Michelle Lensink

Prevention Of Cruelty To Animals (Animal Welfare) Amendment Bill

This speech indicates support for the Prevention Of Cruelty To Animals (Animal Welfare) Amendment Bill and the Hon. J.M.A. LENSINK urges all members to support this amendment.

The Hon. J.M.A. LENSINK: I understand what the Hon. Mark Parnell is attempting to do. We had a briefing from the RSPCA as well as the department, and clearly it is the 80:20 rule—where 80 per cent of these take up 20 per cent of the time, and vice versa. One of the things about which I would be concerned is busybodies (for want of a better word). I am not suggesting that the Hon. Mr Parnell was a busybody; he certainly did not initiate contact between himself and the large dog. I wonder whether the government has any idea about the impact on the inspectorate's resources of those people who repeatedly report things, given that I understand the inspectorate is already under-resourced.

The Hon. J.M.A. LENSINK: As my colleague the Hon. Caroline Schaefer alluded to, I believe that there has been much muddying of the waters by Today Tonight on Channel 7 and, unfortunately, FIVEaa has picked up the rather skew-whiff baton as well. Honourable members may have seen a program several weeks ago that related to wild horse riding, an event which took place in Queensland. There were some fairly distressing scenes in which riders were biting the ears of horses and indulging in other cruel practices, which I am sure no-one in this chamber would endorse. Wild horse racing does not take place in South Australia. The body that administers rodeos, the Australian Professional Rodeo Association, opposes wild horse riding, and I believe APRA always seeks to conduct its rodeos in an ethical manner.

I urge all honourable members who supported the disallowance motion last year to support this amendment, because it is consistent with that. There was an error, which may well have been an oversight (I am not quite sure how it came about). The Legislative Council disallowed regulation No. 217, which was tabled on 16 August 2007, which was entitled 'Prevention of cruelty to animals regulations—rodeos'. There was a subsequent regulation, No. 220, on 23 August 2007, which was 'Prevention of cruelty to animals regulations—electrical devices'. I understand that the difference between the two was that there had been some technical omission, and the issue of electrical devices was inserted into the subsequent one. This Legislative Council disallowed the former one, which was superseded and, therefore, the regulations are now in place.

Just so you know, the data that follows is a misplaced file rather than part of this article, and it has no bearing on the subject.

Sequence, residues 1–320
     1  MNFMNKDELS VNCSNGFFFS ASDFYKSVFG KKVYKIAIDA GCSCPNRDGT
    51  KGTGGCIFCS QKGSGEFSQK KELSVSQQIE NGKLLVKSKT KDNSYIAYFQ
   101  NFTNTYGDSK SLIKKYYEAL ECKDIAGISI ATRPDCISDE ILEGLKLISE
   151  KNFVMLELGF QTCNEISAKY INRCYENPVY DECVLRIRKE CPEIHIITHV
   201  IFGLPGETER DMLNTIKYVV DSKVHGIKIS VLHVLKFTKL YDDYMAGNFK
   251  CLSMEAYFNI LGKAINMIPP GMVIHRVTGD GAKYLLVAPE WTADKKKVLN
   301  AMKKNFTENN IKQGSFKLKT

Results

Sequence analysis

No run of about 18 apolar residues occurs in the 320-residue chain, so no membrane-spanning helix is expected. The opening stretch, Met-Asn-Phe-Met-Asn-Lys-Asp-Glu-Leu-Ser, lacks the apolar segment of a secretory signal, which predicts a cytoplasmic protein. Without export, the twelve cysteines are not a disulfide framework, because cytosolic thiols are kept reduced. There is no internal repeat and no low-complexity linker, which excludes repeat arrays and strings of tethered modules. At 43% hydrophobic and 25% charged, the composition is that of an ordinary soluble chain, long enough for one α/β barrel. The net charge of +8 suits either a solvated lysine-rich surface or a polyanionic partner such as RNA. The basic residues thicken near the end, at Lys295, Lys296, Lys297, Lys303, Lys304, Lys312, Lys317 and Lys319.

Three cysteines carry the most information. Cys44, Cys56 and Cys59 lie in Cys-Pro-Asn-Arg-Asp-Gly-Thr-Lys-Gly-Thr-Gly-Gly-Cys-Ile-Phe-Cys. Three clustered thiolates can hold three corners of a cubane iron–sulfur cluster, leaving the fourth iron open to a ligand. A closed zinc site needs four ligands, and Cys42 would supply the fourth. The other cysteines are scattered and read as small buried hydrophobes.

We have the opportunity in this bill to address this matter, which the Legislative Council last year clearly decided that it did not wish to ban. As the minister has stated, that is that we will remove the weight allowances, which will effectively allow events such as calf roping to continue. Interestingly, in defence of her position, the minister stated that to oppose this would enable steers to be used, being heavier than calves. The statistics bear out for themselves that calf roping has a lower injury rate.

I would like to refer to some of the correspondence that has taken place. I received copies of emails from July last year, which came from the Australian Professional Rodeo Association. When it first learned that calf roping was to be banned, the association sought some endorsements from veterinarians, and so forth, and people who would know what is safe practice. There is an email from a gentleman by the name of Professor Ivan Caple, who is a past chairman of the NCCAW. He is a professor of veterinary medicine at the University of Melbourne. His email states: